The Limits of Translation

The last of Facebook’s 10 Guiding Principles is that the “service should transcend geographic and national boundaries and be available to everyone in the world.”

Since anywhere between 93% and 96% of the world’s people do not know English, FB’s wish to be the world’s social network has sparked its interest in translation. FB’s translation tool, described by David Kirkpatrick in The Facebook Effect (2010) as “among the company’s greatest product innovations (Kindle ed. 4794)” launched in 2008, and, according to Kirkpatrick, operated in 75 languages as of 2010.

The particular innovation that Kirkpatrick describes is that FB’s translation is grass roots: “Rather than ask its own employees or contractors to spend precious years translating the site’s three hundred thousand words and phrases into numerous other languages, Facebook turned the task over to the crowd and found an enormous amount of wisdom there”(Kindle ed. 4794).

So when I open up my Slovak language FB, I can load a translation app which is designed to permit me or any other Slovak language users to translate the English that we encounter. Translations are collected and then arranged in a list to be voted on by a translation team consisting of FB users who are native speakers of Slovak (how are these claims to native language proficiency verified?). Translation thus speeds along. Kirkpatrick points out that the French version was completed by 4,000 users in less than two days (Kindle ed. 4802).

Kirkpatrick observes that in this way “adding new languages . . . costs Facebook virtually nothing”(Kindle ed. 4802). He goes on to give the impression that the crowd of translators can thus assert their own particular ingenuity to creatively echo FB’s new modes of communication, such as poking.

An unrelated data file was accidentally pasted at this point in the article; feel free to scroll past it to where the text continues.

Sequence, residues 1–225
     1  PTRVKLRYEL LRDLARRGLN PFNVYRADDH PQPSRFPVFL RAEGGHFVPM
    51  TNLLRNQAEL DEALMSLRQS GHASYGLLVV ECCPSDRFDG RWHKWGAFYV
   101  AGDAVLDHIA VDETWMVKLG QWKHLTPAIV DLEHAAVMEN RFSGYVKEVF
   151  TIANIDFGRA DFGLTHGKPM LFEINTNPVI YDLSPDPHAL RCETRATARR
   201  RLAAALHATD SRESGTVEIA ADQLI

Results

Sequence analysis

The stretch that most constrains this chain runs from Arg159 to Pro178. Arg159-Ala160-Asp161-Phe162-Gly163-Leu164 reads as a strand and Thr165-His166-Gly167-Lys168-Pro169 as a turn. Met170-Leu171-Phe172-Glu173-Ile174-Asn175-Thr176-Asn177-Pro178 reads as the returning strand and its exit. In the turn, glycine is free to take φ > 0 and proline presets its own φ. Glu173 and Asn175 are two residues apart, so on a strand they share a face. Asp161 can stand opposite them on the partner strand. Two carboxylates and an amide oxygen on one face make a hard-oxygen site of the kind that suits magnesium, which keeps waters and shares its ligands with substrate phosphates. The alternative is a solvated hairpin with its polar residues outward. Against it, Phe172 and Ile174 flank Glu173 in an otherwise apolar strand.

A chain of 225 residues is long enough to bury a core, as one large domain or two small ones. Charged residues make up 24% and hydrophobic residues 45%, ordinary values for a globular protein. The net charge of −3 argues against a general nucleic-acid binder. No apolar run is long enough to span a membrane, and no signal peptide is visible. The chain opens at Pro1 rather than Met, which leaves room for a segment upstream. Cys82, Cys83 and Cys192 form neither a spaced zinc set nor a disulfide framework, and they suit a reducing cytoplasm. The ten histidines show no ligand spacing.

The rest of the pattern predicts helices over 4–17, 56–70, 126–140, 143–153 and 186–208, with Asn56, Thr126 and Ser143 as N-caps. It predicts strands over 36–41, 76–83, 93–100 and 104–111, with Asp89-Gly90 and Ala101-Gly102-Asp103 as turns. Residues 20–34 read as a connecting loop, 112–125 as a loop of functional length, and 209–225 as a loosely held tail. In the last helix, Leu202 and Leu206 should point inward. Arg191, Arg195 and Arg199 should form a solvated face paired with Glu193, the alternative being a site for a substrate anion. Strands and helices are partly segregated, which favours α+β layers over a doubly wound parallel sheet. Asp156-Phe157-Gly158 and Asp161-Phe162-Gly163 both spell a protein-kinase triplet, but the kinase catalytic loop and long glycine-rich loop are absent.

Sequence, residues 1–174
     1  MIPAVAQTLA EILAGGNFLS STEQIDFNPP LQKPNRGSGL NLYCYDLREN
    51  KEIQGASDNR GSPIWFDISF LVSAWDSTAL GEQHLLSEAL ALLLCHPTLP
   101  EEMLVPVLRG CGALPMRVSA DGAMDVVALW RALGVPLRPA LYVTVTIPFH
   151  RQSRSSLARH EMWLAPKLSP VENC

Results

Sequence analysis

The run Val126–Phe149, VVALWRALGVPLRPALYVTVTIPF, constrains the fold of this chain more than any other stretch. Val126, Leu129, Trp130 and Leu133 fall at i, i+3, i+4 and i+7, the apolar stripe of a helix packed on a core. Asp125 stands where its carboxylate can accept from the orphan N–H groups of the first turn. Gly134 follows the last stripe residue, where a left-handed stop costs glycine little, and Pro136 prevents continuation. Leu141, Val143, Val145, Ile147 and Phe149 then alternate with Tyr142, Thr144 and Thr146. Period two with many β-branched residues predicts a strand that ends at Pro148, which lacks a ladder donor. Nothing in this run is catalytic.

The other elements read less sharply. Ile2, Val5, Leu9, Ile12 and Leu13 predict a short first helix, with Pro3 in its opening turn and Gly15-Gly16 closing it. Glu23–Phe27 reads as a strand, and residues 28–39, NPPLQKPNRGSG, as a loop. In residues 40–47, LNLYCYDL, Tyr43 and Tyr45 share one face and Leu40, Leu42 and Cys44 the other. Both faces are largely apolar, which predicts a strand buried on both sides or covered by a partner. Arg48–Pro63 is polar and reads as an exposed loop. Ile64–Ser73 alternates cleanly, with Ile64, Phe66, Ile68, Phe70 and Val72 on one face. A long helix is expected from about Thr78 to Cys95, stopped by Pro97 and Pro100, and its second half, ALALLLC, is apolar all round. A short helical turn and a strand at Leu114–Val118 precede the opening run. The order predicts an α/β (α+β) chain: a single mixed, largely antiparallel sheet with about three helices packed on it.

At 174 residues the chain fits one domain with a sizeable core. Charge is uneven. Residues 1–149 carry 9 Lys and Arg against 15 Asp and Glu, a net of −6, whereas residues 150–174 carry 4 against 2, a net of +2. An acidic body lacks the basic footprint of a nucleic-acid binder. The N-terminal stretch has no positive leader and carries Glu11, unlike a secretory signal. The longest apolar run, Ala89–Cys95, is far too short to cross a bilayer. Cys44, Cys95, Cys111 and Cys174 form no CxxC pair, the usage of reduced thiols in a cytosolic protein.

Kirkpatrick quotes Zuckerberg commenting on his hands off approach: “I’m proud that I wasn’t even involved. . . . This is what you hope for when you’re building an organization . . . . That there will be people who will just build things that fit so well with the values of the company without you even having to say anything.”(Kindle ed. 4809)

Ah yes, the values of the company: one world, what does this mean in terms of the multi-form world of human languages?

Clicking on the languages icon in the low left corner of the screen, I count 77 languages available, which includes such options as Canadian French, two versions of Portuguese, Simplified and Traditional Chinese, and English written upside down or in “Pirate” form (“What be troublin’ ye?”). However, when I scroll through these languages, I see that 32 are still in “beta” form—a trial run anticipating full-release at a later date.

Anyhow, that still leaves 45 languages to choose from. I begin to explore FB, heading for the “help” function. But clicking on icons in “help”, I’m greeted with instructions in English, along with a list of alternative languages to address this lack of coverage of Slovak: 24 alternatives other than Slovak for help with “registration,” 14 others for “networks,” 4 for “payment terms” . . . .

Checking FB’s platform policies, promotion guidelines, copyright, intellectual properties, page terms, and rights and privileges pages, there are no alternative languages listed for the English presentation that is provided. Kirkpatrick writes that in 2010 that FB had 300,000 words of content. The translation application lists that now 126, 478 of those words and phrases have been translated into Slovak. It is interesting that, by some magic of arithmetic, my translation application proclaims that this ratio of 126,478 to 300,000 translates to “96% complete.”

Odder still, is the headline that greets the user upon opening the translation app:

“The translation of Slovak is now complete.”